The Oscar-winning composer tells IndieWire about finding a sound for Namor’s introduction to the MCU.
After Ludwig Göransson’s Oscar-winning deep dive into African music for “Black Panther,” the composer went on a very different journey for “Wakanda Forever” — rediscovering lost Mayan music to underscore the beautiful underwater civilization of Talokan, which is rooted in both Mesoamerican and Nigerian cultures. It was part of director Ryan Coogler’s vision to depict Talokan as an ambiguous counterpart to Wakanda. Led by T’Challa-like King Namor (Tenoch Huerta), Talokan also struggles to protect its ancient culture and special powers from a threatening world.
“I realized that the Mayan music is gone… forcibly erased from this world,” Göransson told IndieWire. “So I started to figure out how I could reimagine what Mayan music sounded like. I went to Mexico City with Ryan and worked with these musical archaeologists that specialize in recreating Mayan music. They’ve been finding instruments in the graves and looking at them and seeing that some of the holes in the flutes had different amounts of fingerprints on them. They were able to determine how the instruments were constructed and played. In paintings, they observed formations of players on turtle shells and sea shells.”
By day in Mexico City, Göransson began recording the distinctive Mayan sounds of the indigenous flutes, shells, shakers, and drums. At night, he worked with contemporary Mexican artists, rappers, and singers, writing songs for the movie that appear on the soundtrack. One of them, “Laayli’ kuxa’ano’one,” was performed by Mayan rappers Pat Boy, Yaalen K’uj, and All Mayan Winik. This can be heard during the end credits after the already popular Oscar contender “Lift Me Up” by Rihanna.
The composer also set up recording sessions in Lagos, Nigeria. Three songs that came out of that are the cover version of “No Woman No Cry,” performed by Tems, “Coming Back For You,” performed by Fireboy DML, and “Anya Mmiri,” performed by CKay featuring PinkPantheress. “One of the biggest differences is that we were trying to make it a completely unique, immersive sound experience,” Göransson said, “where music and songs and score go hand in hand.”
Göransson wrote another song, “Árboles Bajo El Mar,” co-written and performed by Vivir Quintana along with Mare Advertencia. This haunting piece occurs during Namor’s origin story, in which his mother is forced to move into the ocean to escape the brutal assault of the Talokan. “That song was so powerful that some of that vocal melody I used later on in the theme for the Talokan siren song that they use to hypnotize people,” he said. “That came out of me working with Vivir when she came up with this haunting melody. I kind of got hypnotized myself when she started singing and pushing out air when she was breathing. It needed to be enticing and threatening, and we had that sung by a choir of Mexican singers.”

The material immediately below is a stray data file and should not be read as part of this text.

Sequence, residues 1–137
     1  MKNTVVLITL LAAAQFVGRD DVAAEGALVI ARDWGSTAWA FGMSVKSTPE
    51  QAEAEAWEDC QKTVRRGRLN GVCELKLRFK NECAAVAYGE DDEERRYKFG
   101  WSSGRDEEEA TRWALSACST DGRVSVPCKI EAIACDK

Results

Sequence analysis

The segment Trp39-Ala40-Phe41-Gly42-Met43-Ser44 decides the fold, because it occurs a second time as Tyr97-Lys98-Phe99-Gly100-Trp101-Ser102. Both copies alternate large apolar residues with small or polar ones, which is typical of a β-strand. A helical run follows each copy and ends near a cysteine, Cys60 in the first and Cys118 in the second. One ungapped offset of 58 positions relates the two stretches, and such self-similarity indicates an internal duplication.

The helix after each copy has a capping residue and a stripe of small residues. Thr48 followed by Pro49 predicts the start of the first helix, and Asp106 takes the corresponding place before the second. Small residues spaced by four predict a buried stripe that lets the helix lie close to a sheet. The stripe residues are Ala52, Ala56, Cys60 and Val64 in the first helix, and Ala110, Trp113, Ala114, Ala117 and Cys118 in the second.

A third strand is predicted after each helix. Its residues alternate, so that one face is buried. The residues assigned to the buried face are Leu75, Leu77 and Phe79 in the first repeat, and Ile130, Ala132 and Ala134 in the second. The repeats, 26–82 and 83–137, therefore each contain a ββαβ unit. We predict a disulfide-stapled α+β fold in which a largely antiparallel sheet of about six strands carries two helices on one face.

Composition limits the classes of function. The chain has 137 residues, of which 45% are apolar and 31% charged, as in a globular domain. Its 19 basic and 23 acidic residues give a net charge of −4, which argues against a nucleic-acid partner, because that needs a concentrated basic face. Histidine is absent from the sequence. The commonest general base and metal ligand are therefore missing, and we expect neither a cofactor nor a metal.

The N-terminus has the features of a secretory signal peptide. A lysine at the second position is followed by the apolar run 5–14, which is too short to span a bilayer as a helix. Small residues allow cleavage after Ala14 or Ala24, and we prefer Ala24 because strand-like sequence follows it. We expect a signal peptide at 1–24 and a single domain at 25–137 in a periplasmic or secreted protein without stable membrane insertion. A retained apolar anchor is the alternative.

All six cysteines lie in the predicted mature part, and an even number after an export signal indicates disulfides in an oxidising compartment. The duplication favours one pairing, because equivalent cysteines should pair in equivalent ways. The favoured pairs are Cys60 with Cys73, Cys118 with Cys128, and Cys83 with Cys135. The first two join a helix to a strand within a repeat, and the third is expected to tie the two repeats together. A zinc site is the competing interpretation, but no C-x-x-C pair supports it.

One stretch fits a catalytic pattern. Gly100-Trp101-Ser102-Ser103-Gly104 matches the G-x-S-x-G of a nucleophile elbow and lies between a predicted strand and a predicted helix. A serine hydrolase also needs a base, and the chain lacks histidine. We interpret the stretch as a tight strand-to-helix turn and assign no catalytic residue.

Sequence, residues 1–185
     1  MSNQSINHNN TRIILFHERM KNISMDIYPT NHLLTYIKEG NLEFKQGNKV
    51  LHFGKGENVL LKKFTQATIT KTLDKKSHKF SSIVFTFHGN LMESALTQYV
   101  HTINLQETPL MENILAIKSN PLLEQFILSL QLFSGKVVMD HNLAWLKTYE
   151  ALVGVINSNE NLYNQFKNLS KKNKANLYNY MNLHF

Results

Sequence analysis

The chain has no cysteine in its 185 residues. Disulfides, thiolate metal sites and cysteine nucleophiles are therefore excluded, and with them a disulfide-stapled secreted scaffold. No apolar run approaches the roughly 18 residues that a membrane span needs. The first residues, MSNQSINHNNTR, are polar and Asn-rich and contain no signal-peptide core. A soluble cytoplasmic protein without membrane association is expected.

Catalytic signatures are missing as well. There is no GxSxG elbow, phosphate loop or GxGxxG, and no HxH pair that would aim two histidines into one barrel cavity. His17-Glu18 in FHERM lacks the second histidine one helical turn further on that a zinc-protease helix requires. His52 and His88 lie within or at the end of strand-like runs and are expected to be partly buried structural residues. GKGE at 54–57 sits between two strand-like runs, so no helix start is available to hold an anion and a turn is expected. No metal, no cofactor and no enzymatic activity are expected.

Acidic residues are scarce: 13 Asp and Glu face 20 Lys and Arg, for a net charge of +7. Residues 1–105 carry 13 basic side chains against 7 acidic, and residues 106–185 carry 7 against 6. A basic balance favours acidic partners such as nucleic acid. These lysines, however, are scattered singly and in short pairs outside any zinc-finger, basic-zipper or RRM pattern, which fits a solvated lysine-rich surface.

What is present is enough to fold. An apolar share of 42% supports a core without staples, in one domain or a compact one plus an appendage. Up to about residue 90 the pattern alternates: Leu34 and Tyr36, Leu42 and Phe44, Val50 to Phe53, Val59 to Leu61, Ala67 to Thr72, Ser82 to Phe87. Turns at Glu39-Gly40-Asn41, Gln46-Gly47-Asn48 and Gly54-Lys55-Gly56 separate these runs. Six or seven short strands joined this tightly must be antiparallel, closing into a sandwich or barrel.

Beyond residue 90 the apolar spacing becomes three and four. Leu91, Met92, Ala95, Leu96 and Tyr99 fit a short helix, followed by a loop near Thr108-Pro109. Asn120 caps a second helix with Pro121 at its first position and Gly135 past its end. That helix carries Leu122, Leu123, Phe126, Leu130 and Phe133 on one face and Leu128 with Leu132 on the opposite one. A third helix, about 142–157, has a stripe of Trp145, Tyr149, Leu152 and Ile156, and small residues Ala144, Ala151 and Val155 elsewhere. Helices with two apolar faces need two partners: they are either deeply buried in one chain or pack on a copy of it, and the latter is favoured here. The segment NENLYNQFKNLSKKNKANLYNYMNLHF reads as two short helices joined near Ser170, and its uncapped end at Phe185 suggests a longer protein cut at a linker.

Another memorable song, “Con La Brisa,” performed by Mexican singer Foudeqush, appears when Namor takes Wakanda princess Shuri (Letitia Wright) on a tour of Talokan. He tries to persuade her to become an ally, but his obsession with power conflicts with her need to defend her country. Indeed, the film serves as a rite of passage for Shuri following the death of her older brother, T’Challa/Black Panther (the late Chadwick Boseman). The film mournfully opens, in fact, with the all-white procession in honor of the Wakanda leader, over which the T’Challa’s theme plays, punctuated by the talking drum motif.
Göransson wrote a new theme for Shuri to underscore the process of grieving and anger that she endures. “When you first hear the theme, it’s sung by Jorja Smith,” he said, “and throughout the story, that theme evolves to evoke the kind of leader that Shuri wants to be. It even takes on a completely different shape in the form of a bombastic synthesizer.”
The new character of Riri Williams/Ironheart (Dominique Thorne), the genius inventor from Chicago who creates a suit of armor rivaling Tony Stark’s, also has her own theme. “She’s from Chicago, so the culture of the city is part of her sound,” Göransson said. “I’m learning about this very progressive music city, including house and hip hop, so I’m just dipping my toe in her character.”